Brexit has made migrant crossings easier, say refugees

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Brexit has made migrant crossings easier
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Refugees currently in Northern France have said that Brexit has made migrant crossings easier due to EU legislation. 

As a record number of migrants tried to cross the channel on Thursday 11 November, it has been revealed that a piece of law known as the Dublin regulation means that anyone who completes the journey to the UK can now not be sent back to an EU country. Despite the weather turning for the worse and the efforts of the UK government in trying to deter them, 1,185 people made the crossing on Thursday. 

Hailing from multiple conflict zones, including Sudan, Afghanistan, Iran and Iraq, refugees originally told The Guardian that Brexit had actually made the UK more a more appealing place to try to reach. Even though the risks involved are high, the fact they can no longer be sent back to an EU country makes the journey seem more viable. 

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Brexit was claimed to be the missing piece that would allow the UK to take back “full control of our money, our borders and our laws” by Boris Johnson. However, the number of people crossing the Channel in small boats has risen sharply since Brexit was finalised and the UK left the EU. This blisters the claim that Brexit has made migrant crossings easier.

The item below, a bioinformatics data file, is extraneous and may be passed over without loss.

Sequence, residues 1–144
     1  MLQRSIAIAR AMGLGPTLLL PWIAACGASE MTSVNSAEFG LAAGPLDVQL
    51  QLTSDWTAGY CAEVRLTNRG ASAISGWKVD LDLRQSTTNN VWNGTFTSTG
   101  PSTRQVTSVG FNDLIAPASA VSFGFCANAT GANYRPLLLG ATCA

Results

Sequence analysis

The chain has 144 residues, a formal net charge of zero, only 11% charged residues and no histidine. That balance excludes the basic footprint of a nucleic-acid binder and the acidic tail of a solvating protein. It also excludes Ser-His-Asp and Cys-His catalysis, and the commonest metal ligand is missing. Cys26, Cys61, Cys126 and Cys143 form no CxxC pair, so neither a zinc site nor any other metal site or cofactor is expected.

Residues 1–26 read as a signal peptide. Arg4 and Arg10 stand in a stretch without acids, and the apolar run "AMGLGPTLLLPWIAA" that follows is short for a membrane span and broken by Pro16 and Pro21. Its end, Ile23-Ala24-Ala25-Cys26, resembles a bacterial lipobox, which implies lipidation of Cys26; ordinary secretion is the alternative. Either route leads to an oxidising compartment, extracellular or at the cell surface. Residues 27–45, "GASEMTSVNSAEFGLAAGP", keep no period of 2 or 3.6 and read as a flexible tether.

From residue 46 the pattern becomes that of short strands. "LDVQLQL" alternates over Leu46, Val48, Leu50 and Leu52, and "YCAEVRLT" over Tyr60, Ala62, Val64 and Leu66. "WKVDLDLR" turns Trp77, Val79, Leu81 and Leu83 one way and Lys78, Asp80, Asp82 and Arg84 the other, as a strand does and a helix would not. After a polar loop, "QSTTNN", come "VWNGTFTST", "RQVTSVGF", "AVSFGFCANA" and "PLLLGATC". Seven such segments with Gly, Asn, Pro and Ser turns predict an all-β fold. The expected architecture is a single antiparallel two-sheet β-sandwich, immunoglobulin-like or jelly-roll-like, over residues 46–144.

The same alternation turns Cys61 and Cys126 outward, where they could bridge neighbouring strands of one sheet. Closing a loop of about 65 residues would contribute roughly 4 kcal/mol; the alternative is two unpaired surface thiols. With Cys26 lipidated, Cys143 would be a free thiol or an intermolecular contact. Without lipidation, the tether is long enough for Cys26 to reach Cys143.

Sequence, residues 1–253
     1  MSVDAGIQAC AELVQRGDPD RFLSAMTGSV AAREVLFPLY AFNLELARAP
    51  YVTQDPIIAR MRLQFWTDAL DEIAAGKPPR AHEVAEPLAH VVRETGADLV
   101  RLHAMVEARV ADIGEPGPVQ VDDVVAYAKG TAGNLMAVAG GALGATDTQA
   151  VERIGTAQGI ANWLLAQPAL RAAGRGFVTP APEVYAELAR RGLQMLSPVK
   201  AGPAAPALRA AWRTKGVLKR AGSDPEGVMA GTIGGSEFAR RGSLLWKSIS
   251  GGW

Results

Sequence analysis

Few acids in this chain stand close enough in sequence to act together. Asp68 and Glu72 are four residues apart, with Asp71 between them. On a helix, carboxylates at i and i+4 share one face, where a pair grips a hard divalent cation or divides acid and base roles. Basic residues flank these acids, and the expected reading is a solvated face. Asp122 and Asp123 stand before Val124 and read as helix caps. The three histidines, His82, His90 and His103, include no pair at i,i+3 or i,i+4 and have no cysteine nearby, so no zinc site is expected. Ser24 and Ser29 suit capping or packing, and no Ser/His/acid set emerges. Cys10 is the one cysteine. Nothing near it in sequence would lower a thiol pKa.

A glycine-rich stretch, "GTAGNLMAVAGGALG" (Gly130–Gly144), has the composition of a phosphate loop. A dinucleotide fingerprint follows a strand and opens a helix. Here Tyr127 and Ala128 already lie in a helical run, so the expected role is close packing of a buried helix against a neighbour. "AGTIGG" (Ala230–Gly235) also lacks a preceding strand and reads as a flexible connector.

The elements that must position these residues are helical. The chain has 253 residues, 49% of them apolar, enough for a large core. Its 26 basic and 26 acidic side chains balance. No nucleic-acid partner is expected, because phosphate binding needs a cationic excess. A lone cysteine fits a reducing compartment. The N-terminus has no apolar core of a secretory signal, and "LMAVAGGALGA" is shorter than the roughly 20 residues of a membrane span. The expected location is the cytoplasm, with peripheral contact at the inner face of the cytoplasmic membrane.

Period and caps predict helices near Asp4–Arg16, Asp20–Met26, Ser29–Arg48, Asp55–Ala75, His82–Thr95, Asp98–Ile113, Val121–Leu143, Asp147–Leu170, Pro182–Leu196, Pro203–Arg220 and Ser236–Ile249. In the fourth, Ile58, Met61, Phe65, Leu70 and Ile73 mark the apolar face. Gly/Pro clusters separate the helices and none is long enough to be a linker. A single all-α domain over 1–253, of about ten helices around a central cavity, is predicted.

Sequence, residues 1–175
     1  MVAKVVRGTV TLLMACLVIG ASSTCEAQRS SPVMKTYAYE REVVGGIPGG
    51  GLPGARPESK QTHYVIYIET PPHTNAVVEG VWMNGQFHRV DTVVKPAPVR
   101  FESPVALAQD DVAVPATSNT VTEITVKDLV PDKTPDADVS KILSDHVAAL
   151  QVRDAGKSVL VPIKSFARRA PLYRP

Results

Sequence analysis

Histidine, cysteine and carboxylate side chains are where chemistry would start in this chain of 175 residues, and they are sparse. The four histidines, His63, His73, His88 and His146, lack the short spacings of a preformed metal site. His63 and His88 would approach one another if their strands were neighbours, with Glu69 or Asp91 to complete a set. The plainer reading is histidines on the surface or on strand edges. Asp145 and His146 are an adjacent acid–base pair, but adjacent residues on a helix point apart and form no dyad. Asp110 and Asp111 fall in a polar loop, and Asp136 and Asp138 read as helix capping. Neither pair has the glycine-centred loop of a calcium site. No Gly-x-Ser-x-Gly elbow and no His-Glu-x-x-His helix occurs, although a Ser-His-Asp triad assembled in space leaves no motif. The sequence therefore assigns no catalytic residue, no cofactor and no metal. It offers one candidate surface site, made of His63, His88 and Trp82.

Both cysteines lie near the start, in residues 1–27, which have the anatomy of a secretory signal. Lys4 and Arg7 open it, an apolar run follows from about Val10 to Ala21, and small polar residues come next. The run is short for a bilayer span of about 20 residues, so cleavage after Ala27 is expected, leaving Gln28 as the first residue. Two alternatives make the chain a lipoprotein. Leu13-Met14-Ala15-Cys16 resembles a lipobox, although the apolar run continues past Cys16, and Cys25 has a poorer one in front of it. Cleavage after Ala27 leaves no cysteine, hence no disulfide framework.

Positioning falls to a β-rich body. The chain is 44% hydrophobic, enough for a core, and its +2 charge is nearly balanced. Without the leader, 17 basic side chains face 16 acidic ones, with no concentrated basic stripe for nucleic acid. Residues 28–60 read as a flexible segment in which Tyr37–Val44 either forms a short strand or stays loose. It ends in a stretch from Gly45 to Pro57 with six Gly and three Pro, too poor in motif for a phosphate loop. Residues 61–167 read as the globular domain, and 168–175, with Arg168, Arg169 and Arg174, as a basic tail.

Before the UK left the EU, the regulation known as Dublin meant that other EU countries could be asked to take back anyone the UK could prove passed through safe European countries along the way. “Take charge” requests could be made and British officials had access to the Eurodac fingerprint database which helped prove where the refugees had been before. Since Brexit, the UK no longer has this access and therefore it is much harder to confirm the journeys. 

Plus, the UK has no bilateral agreements with other EU countries that can replicate the Dublin protocol. Many asylum seekers are stuck in the system due to this tangle, but cannot be sent to other countries. A Home Office spokesperson said: “The British public have had enough of seeing people die in the Channel while ruthless criminal gangs profit from their misery and our new plan for immigration will fix the broken system which encourages migrants to make this lethal journey. People should claim asylum in the first safe country they reach – rather than making dangerous journeys to the UK. That is why we will have rules in place to make asylum claims inadmissible where people have travelled through or have a connection to safe countries.


“There is a global and European migration crisis and countries have a moral responsibility to tackle the issue of illegal migration. We expect our international partners to engage with us to stop people making perilous crossings.”


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